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Volunteering at Scouts is changing to help us reach more young people

Volunteering is changing to help us reach more young people

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Tomato obstacle course

First suggested by WWF
Learn more about how food is grown and transported with this fun obstacle course.

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You’ll need

  • Tables
  • Chairs
  • Chalk
  • Buckets
  • Scissors
  • Printout of the ‘Tomato journey food facts’ sheet
  • A sheet or blanket
  • Hula hoops
  • Netting
  • A plank
  • Soft floor mat
  • Spray bottle filled with water
Tomato journey food facts
PDF – 139.0KB

Before you begin

  1. Use scissors to cut out the food facts from the ‘Tomato journey food facts’ sheet.
  2. Set up an obstacle course for the group. The course should have ten separate obstacles for the group to try and get past to represent the journey of a tomato.
  3. Place a food fact cut out next to each obstacle, and the person leading the activity should keep the ‘Bin’ card.
  4. Here is an example of a course you could set up, using the below equipment:
    • First, lay down the sheet or blanket
    • Second, lay down the hula hoop
    • Third, lay down the soft floor mat
    • Fourth, lay down the bucket and spray bottle
    • Fifth, make a tunnel from a row of tables or chairs
    • Sixth, mark out a road with chalk
    • Seventh, lay down the plank
    • Eighth, lay out the net
    • Ninth, mark the end of the course with chalk.

Run the obstacle course

  1. Ask the group what they know about the food industry. Find out what the members of the group know about where food comes from, how far it travels and how it gets from producers to us.
  2. The person leading the activity should invite members of the group to begin the obstacle course set out for them. Each person should take on the course one at a time. The person leading the activity should explain that each person who attempts the course will be following the path taken by a tomato from a grower to a shop. Everyone should watch the first person, who will need to be told what to do at each obstacle.
  3. Here are the obstacle instructions for our example course:

    • The seed is planted - crawl under the sheet or blanket.
    • The plant grows - stand in the hula-hoop and lift it over your head.
    • The tomato is picked before being ripe - roll on the soft floor mat.
    • The tomato is sprayed with chemicals - spray into the bucket three times.
    • The tomato is stored - crawl under the row of chairs or tables.
    • The tomato is moved by road - run up the chalk road.
    • The tomato is moved by sea - walk along the plank.
    • The tomato is packaged and stored again - crawl under the net.
    • The tomato arrives at the supermarket - jump on the final fact card.
  4. As the group take turns to try the course, an adult volunteer should stop a person every few turns and hold up the ‘Bin’ card. Read out the fact on the ‘Bin’ card and explain that they have been thrown away. That person must return to the start again.
  5. Keep playing until all of the group have completed the course.


Logo with the number 12 and the words responsible consumption and production, with an image of a arrow in the shape of a sideways figure 8 below.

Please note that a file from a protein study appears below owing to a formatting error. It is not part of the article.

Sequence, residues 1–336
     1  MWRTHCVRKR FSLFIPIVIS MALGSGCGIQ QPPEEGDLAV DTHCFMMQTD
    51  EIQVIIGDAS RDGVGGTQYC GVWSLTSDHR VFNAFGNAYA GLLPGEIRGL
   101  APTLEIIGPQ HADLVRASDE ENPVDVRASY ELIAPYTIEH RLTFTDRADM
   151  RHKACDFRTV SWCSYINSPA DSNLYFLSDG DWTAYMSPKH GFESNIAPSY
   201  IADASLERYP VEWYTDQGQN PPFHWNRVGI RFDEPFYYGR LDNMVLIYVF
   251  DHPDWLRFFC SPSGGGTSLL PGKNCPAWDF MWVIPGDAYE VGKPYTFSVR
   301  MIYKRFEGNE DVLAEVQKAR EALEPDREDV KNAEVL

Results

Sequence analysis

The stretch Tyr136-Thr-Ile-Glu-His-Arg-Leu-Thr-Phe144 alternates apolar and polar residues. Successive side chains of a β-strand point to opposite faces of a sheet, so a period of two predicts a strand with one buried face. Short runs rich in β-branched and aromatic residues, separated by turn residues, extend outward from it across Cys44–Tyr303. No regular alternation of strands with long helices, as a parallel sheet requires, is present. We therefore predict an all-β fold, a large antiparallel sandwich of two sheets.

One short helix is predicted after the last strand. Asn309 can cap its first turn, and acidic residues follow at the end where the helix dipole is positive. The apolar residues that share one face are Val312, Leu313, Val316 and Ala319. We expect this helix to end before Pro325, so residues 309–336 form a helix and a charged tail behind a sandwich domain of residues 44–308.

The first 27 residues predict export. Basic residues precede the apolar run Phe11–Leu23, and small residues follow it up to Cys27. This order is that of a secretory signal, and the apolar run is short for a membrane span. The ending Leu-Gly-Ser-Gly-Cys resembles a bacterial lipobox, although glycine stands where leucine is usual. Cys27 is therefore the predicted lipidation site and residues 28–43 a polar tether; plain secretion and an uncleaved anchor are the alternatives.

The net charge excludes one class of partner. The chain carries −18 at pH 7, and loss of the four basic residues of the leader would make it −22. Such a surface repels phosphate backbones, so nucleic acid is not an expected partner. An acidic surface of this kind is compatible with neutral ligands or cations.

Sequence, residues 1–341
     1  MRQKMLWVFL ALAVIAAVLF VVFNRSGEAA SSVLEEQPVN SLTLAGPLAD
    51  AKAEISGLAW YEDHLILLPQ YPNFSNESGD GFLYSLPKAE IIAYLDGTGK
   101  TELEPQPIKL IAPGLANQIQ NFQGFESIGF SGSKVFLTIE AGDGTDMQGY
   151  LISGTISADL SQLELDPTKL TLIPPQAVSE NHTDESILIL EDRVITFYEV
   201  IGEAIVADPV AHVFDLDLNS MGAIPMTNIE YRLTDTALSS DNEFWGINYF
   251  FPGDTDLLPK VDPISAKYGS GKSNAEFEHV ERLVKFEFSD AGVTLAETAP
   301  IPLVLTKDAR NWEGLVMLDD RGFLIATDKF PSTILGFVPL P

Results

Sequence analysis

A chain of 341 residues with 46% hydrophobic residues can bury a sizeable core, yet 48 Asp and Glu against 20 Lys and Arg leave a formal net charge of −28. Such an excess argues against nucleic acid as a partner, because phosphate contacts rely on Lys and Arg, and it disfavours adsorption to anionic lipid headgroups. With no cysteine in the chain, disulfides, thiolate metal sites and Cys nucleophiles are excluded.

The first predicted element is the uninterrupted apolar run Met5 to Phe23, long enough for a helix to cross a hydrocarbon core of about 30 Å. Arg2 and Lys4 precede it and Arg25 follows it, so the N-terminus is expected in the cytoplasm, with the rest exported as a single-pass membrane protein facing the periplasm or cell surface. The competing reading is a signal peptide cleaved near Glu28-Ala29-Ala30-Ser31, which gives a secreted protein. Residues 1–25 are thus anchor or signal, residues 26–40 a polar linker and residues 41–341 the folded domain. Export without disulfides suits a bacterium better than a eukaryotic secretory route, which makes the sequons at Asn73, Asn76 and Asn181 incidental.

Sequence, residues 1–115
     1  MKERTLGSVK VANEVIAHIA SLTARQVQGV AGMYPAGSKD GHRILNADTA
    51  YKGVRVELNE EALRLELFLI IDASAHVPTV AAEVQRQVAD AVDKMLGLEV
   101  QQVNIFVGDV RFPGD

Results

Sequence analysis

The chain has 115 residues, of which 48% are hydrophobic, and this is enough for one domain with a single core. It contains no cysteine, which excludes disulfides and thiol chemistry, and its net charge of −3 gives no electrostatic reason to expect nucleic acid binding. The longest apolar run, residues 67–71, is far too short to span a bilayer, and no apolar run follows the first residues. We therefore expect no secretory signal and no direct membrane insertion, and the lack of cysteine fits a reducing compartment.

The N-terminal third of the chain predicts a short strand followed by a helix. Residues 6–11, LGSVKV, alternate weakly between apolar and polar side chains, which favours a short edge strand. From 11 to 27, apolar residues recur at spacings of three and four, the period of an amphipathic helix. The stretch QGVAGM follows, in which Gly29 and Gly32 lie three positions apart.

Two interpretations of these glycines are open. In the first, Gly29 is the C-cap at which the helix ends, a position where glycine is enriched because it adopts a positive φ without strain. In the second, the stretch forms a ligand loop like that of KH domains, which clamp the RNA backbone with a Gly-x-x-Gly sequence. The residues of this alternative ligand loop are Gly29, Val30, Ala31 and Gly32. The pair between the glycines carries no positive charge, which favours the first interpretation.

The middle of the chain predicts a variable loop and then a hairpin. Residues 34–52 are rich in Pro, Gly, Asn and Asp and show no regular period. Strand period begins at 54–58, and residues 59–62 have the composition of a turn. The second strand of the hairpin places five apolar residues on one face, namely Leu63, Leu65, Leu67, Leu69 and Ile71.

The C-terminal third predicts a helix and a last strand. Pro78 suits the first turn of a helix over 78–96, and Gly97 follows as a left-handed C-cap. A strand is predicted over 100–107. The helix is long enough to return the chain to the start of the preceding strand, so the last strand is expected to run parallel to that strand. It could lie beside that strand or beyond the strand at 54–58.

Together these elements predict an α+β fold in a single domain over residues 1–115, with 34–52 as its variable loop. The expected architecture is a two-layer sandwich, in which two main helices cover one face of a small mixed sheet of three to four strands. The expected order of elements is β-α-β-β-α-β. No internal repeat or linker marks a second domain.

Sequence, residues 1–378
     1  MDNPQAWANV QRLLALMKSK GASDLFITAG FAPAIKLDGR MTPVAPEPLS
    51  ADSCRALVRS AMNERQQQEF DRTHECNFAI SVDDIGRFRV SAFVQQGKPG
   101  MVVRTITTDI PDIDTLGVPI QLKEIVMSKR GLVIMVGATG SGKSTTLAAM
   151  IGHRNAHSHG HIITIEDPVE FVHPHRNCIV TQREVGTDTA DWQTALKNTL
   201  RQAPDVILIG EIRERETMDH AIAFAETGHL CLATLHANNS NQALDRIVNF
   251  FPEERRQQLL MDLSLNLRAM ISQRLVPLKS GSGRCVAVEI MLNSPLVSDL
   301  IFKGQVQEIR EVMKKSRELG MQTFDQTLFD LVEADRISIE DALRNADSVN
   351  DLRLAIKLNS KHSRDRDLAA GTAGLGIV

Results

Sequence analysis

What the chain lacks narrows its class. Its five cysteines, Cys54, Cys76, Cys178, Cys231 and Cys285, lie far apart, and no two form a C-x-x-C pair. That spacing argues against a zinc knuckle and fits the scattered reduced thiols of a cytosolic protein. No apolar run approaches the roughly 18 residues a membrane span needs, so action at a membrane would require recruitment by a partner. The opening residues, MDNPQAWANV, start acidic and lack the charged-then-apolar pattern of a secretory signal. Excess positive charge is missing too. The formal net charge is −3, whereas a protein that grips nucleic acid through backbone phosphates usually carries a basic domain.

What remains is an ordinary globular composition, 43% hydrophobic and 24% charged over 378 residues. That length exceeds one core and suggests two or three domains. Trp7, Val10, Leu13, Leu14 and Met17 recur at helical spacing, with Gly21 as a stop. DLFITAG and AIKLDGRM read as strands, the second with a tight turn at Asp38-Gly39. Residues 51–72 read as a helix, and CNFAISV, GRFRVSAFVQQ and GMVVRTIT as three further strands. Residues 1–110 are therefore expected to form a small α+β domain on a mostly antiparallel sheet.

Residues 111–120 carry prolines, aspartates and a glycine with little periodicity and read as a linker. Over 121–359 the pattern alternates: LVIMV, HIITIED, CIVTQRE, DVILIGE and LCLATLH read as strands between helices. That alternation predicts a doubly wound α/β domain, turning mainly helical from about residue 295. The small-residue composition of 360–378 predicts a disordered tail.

The group has just completed an obstacle course that represents the journey of a tomato. Did they find it challenging to complete the course? How much energy do they think it might take to move a tomato to the shop in this way?

The course has shown the group just how many miles food has to travel, as well as the processes it has to go through. Given what they now know, how will they think about food in the future? Will they try to buy less and waste less, and will they look at other sources of food?


All activities must be safely managed. You must complete a thorough risk assessment and take appropriate steps to reduce risk. Use the safety checklist to help you plan and risk assess your activity. Always get approval for the activity, and have suitable supervision and an InTouch process.


Supervise young people appropriately when they’re using scissors. Store all sharp objects securely, out of the reach of young people.

Poles and long objects

Be careful when moving poles or long items. Take care if the ends are sharp. Have appropriate supervision for this activity.

Heavy and awkward objects

Never lift or move heavy or awkward items alone. Ask for help or, if possible, break them down into smaller parts.

Sharp objects

Teach young people how to use sharp objects safely. Supervise them appropriately throughout. Store all sharp objects securely, out of the reach of young people.

Active games

The game area should be free of hazards. Explain the rules of the game clearly and have a clear way to communicate that the game must stop when needed. Take a look at our guidance on running active games safely.

Add more challenges to the course for more energetic members of the group. These could include stages where tomatoes are chilled (dip a hand in icy water), packed (climb into a cardboard box) and made into sauce (shout ‘squashed!’).

Remove steps from the course for those who might get tired or find it too difficult.

Adapt the course and the obstacles to suit the needs of those with mobility issues and sensory differences.

All Scout activities should be inclusive and accessible.

Groups who are interested in creating a new life journey for tomatoes could grow some of their own. They could also come up with ways of using tomatoes that are a funny shape or past their best, rather than letting them go to waste.

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